Memories as Mythologies
Listen to this album with the imagination of a child and you’ll be just set. That’s the particular headspace that Okkervil River’s Will Sheff inhabits for this project. Yes, this may be the furthest the group has wandered from their well-established ethos but it feels like high time. Our Sheff serves up some of the most personal and introspective work that Okkervill River has ever brought to the table.
Okkervil had to rewind to return to the start of The Silver Gymnasium. It starts like any day would for the 10-year-old Sheff in middle-of-nowhere New Hampshire, circa ’86. This is not a side of Sheff we’ve seen before; he’s wide-eyed and starting to make sense of the world around him. It appears that our present-day Sheff is just getting to know this kid as well— he’s looking back to his childhood in hope of understanding how he arrived at the present.
Musically, this isn’t Okkervil River’s strongest collective outing. Vibrancy and joviality are overt and occasionally miss the mark. It’s not that these passages lack anything particular, but they learn toward the generic and don’t feel quite right for Okkervil, whose back catalogue seems to prove that it’s nicest out with a couple dark clouds in the sky.
It takes a while to peel back the layers of the onion because Gymnasium is tidy and susceptible to oversimplification. There’s the obvious admiration of innocence, but Sheff seems more focused on those inevitable watershed moments that corrupt us forever. Sheff’s goal here isn’t to offer a detailed account of his childhood. Rather, he’s fixated on how we relate to memory and his thesis seems to be that we are who we once were.
This unique approach to narrative makes for a thought-provoking album. Although our primary perspective is through a child, the grown Sheff also works the hindsight angle with great dexterity. This allows him to reevaluate ancient memories and even doubt some of them. He’s simultaneously in the moment and removed from it, which questions the reliability of the narrator and forces us to consider how mythologized our own histories have become. Eventually the truth and the tall tale become stored ubiquitously and our memories become mythologies.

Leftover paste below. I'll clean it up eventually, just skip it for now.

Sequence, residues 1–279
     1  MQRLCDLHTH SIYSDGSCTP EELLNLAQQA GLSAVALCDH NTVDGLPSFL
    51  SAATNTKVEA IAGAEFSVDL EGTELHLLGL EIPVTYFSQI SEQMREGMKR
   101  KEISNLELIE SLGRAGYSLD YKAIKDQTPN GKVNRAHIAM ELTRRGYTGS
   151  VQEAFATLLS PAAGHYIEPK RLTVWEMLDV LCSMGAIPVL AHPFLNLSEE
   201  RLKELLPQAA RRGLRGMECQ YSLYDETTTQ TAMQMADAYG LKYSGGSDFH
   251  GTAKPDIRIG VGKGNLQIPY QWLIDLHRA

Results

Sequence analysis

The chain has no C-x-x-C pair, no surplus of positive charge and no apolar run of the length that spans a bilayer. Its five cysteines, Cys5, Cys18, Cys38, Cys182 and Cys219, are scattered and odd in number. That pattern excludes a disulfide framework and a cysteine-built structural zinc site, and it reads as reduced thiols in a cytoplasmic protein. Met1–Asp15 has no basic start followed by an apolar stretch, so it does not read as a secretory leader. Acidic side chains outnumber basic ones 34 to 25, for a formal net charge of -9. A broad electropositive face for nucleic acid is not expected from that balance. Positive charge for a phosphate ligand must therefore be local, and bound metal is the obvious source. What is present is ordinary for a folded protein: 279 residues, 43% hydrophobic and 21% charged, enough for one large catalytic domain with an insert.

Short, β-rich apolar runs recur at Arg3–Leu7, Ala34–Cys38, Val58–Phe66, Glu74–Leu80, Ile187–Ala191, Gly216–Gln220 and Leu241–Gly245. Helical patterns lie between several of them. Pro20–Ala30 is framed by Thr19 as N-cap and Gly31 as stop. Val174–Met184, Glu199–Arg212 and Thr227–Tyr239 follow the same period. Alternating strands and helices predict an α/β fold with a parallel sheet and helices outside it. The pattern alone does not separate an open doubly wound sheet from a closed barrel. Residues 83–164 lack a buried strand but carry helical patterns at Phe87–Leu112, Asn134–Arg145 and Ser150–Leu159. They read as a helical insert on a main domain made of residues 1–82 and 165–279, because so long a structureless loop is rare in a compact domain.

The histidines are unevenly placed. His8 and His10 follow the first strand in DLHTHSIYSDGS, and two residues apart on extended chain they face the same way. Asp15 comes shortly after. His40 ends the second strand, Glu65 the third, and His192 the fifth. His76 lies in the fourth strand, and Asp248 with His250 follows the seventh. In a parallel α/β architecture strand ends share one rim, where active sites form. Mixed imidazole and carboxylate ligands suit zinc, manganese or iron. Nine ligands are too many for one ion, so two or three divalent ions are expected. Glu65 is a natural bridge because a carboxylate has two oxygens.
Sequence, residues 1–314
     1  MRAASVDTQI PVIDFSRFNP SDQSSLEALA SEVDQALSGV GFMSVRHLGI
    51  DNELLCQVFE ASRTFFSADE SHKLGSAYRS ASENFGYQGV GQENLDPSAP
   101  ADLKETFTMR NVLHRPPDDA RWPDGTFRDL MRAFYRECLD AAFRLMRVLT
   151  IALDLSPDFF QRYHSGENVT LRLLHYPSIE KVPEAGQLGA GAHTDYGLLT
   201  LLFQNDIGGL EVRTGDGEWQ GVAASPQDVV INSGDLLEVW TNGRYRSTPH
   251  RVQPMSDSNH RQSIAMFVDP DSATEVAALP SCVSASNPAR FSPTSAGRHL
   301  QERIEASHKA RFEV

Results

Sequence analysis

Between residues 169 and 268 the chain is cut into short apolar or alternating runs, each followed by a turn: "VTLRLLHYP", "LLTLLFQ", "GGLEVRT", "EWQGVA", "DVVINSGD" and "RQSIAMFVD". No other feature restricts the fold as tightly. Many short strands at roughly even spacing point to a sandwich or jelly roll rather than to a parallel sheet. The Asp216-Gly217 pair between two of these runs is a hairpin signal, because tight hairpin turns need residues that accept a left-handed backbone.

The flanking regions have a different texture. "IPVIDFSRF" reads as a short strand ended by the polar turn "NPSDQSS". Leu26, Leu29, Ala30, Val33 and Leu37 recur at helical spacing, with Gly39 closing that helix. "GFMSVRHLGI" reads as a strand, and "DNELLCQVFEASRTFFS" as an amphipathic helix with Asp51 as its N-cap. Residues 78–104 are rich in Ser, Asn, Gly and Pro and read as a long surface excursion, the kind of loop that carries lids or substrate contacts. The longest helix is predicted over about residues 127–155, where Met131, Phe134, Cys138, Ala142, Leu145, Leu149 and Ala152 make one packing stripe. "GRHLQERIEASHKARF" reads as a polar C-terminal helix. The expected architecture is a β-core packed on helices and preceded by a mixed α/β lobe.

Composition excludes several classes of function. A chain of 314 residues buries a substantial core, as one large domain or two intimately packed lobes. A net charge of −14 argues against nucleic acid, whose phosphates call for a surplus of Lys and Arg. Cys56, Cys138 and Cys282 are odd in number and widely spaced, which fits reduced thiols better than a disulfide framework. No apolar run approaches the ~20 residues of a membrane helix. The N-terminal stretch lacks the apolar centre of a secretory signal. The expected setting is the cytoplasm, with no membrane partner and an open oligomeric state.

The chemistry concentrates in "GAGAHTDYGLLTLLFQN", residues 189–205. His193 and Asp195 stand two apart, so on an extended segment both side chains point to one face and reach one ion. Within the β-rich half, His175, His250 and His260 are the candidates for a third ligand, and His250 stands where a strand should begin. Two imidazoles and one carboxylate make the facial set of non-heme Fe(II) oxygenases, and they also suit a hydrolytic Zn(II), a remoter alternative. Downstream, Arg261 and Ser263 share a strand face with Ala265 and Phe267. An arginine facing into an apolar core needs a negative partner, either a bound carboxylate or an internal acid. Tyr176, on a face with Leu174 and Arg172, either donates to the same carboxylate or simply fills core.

These tracks don’t have a very edgy feel, but this is permissible because the story behind this album is much more interesting than the actual music anyway. Sheff & co. have made a great effort to physically transport their audience to ’86 Meriden, CT. In collaboration with Okkervil’s longstanding and celebrated artist, William Schaff, they created an interactive map of the city that blends cartography with folklore. On top of that, they’ve also created an Atari-like videogame that can be played on their website, which is another attempt at making that world accessible to us.
Lovers of this album will most likely see some reflection of their youth in Sheff’s world. It takes a great storyteller to achieve such a feat, which is to usher universal sympathy and compassion from an unshared experience. This is no perfect album but why waste the breath? The Silver Gymnasium champions great storytelling, which, in folk music, is the only must.